Loss Adjustment Expense (LAE)
Definition of 'Loss Adjustment Expense (LAE)'
There are two main types of LAE: incurred LAE and paid LAE. Incurred LAE is the estimated cost of all claims that have been reported but not yet settled. Paid LAE is the actual cost of all claims that have been settled. The difference between incurred LAE and paid LAE is called the LAE reserve.
The LAE reserve is an important part of the insurance company's financial statements. It represents the company's best estimate of the cost of all claims that will be filed in the future. The LAE reserve is calculated by using a variety of factors, including historical claim data, current claim trends, and economic conditions.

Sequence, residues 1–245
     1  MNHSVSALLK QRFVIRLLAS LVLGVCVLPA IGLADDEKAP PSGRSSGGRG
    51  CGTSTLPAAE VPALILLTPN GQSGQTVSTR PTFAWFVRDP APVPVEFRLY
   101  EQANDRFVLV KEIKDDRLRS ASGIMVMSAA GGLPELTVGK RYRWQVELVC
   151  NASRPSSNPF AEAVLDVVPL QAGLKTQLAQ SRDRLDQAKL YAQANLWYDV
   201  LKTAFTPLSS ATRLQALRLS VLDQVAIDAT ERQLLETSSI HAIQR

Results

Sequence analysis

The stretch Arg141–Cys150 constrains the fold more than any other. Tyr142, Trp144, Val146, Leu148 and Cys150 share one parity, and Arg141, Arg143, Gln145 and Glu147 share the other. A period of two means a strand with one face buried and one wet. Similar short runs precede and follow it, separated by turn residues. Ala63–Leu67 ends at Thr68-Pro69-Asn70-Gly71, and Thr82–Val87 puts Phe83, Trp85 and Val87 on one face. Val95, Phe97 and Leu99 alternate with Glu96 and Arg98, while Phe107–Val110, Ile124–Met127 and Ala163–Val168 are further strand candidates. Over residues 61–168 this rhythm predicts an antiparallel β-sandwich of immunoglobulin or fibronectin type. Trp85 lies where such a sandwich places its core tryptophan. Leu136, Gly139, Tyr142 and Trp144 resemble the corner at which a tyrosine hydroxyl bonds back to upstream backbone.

The LAE reserve can have a significant impact on the insurance company's financial statements. If the LAE reserve is too high, it can reduce the company's profitability. If the LAE reserve is too low, it can increase the company's risk of insolvency.
Insurance companies are required to maintain adequate LAE reserves in order to protect policyholders and ensure the financial stability of the insurance industry. The amount of LAE reserve that an insurance company is required to maintain is determined by regulators.
Loss adjustment expense is an important concept for anyone who is interested in the insurance industry. It is a significant cost for insurance companies, and it can have a major impact on the company's financial statements.
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